Towns with a great deal of valuable property (“property wealthy”) can raise enough money to spend generously on their students, even while their tax rates remain low.

Because of the great disparities in property wealth from town to town, taxpayers in the property poor towns like Pittsfield pay much higher rates but are able to raise much less for their schools than districts with lake-front property, ski resorts, or very valuable coastline.

Taxpayers in property-poor towns make much greater financial sacrifices for their students, but they struggle to raise enough money to meet their schools’ basic needs.

In recent years, many of these school districts have been laying off teachers and other employees, delaying building maintenance, skimping on equipment, eliminating classes, and losing talented and experienced teachers to other districts which can afford to pay higher salaries.

This funding system discourages economic growth in many towns and cities across the state.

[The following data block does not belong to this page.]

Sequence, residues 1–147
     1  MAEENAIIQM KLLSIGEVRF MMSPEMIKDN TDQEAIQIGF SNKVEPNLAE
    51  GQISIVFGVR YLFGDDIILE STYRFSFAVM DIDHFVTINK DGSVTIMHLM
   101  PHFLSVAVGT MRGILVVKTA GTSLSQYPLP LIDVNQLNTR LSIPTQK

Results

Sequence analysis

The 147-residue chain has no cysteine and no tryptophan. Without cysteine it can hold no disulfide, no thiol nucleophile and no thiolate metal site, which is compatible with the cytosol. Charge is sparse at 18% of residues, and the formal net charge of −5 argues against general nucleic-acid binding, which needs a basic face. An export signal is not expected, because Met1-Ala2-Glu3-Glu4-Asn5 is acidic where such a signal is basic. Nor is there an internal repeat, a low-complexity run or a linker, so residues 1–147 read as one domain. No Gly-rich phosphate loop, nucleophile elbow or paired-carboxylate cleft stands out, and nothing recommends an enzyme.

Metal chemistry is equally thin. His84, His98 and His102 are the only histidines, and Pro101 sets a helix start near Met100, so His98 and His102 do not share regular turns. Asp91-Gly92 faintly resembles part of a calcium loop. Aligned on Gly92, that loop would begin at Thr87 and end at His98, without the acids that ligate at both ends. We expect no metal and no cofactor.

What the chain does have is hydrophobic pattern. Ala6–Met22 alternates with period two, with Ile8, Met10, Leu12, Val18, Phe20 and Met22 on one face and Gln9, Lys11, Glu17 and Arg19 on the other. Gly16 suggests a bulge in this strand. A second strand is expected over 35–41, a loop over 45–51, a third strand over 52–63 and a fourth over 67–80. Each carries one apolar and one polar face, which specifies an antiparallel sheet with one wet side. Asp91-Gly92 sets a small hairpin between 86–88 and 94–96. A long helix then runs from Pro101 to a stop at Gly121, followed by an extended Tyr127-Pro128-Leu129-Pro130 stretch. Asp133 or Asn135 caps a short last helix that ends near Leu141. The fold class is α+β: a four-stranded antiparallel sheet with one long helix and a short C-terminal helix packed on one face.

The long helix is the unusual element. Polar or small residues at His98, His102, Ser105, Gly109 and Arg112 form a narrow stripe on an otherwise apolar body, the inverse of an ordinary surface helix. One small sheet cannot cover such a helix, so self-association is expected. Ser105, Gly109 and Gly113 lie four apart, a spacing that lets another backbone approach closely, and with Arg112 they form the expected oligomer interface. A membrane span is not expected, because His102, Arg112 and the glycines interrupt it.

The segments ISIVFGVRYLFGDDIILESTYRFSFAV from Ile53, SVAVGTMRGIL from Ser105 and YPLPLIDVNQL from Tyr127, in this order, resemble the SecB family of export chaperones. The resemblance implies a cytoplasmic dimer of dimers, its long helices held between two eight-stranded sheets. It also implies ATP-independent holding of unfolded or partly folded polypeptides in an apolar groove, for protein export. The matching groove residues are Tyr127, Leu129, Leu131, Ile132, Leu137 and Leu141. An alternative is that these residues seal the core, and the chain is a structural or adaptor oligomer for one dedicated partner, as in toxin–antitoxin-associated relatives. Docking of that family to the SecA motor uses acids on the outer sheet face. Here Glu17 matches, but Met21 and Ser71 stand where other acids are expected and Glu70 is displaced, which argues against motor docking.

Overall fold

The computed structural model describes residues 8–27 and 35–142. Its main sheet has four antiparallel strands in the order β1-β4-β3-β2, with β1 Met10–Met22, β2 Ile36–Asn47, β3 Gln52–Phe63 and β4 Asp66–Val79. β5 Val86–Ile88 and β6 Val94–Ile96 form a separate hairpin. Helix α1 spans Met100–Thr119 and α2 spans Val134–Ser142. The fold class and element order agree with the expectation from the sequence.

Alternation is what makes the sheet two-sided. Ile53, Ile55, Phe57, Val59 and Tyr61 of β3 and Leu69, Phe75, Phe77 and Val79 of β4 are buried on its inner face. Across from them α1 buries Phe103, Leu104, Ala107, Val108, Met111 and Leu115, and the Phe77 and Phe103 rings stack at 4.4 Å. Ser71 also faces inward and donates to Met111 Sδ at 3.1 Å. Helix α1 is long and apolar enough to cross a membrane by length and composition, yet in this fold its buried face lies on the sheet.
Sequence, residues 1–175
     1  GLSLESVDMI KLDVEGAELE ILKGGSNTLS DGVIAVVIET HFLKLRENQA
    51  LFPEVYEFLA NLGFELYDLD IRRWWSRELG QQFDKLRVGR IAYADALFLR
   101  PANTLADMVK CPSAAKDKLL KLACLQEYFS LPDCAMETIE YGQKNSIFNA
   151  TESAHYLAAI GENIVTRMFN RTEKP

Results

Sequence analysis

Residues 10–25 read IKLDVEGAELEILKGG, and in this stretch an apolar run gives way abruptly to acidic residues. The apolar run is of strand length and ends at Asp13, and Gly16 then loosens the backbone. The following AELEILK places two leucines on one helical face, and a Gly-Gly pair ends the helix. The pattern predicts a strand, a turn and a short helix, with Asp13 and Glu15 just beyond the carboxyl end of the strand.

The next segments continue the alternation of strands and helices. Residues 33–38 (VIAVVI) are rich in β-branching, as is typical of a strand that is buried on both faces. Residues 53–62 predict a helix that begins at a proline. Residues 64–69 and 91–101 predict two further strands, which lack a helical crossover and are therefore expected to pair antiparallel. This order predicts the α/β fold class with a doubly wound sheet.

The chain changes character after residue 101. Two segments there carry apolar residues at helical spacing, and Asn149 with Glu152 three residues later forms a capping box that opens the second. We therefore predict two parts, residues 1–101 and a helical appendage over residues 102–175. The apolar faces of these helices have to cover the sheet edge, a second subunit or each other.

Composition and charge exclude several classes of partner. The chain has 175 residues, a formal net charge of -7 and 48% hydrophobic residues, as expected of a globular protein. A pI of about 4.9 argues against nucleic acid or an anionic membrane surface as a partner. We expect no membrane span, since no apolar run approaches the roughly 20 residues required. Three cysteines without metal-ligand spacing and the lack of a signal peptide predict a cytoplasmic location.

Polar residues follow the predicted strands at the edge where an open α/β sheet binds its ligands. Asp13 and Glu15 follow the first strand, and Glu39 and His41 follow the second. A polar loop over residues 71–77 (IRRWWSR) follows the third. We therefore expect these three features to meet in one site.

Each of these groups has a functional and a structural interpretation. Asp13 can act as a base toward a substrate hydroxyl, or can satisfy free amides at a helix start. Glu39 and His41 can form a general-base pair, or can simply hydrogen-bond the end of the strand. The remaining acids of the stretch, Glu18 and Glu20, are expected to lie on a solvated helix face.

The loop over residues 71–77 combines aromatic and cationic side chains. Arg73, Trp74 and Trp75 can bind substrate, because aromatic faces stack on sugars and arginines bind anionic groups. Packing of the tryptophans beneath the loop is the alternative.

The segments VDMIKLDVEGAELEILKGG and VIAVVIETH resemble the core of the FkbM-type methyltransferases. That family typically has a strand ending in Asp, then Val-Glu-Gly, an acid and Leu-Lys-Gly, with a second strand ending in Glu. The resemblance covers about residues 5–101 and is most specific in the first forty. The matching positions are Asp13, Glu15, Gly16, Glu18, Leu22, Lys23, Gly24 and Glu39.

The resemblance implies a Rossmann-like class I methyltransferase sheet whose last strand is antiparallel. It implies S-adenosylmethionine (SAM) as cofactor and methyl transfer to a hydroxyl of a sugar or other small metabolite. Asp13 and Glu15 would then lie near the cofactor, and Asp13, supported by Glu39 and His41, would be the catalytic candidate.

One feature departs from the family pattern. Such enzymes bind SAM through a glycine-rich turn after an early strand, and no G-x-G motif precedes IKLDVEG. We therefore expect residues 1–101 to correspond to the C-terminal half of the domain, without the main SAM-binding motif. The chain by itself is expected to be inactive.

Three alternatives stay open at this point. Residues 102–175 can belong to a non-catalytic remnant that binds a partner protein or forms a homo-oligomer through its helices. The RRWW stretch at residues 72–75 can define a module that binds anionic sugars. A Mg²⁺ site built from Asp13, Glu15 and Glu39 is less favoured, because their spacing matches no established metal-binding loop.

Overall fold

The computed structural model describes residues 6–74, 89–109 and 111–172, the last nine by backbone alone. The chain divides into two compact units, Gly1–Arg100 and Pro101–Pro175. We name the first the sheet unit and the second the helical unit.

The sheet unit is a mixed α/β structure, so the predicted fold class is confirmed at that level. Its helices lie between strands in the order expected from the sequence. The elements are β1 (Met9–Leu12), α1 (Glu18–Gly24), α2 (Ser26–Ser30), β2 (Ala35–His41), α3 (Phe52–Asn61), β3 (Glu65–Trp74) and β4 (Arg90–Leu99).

Why would a new business open in a town with high tax rates? And why wouldn’t the owner of an existing business in a property-poor town with high tax rates feel financially pressured to relocate?

The funding system also discourages young families from moving to school districts with high property taxes and struggling school systems.

And it prompts local officials to discourage the creation of housing for young families, because of the impact on school budgets of additional children.

Thus, the current school funding system hurts students, their parents, local homeowners and businesses and it works directly against the efforts to attract and keep young people, enlarge the work force, and encourage new businesses in all regions of the state.

A number of school districts are already in crisis, with many more to follow.

This problem is harming school budgets and pushing up school property tax rates in New Hampshire’s largest cities and countless towns in all regions of the state.

For more than a decade, the Legislature and NH’s governors have allowed this problem to get worse.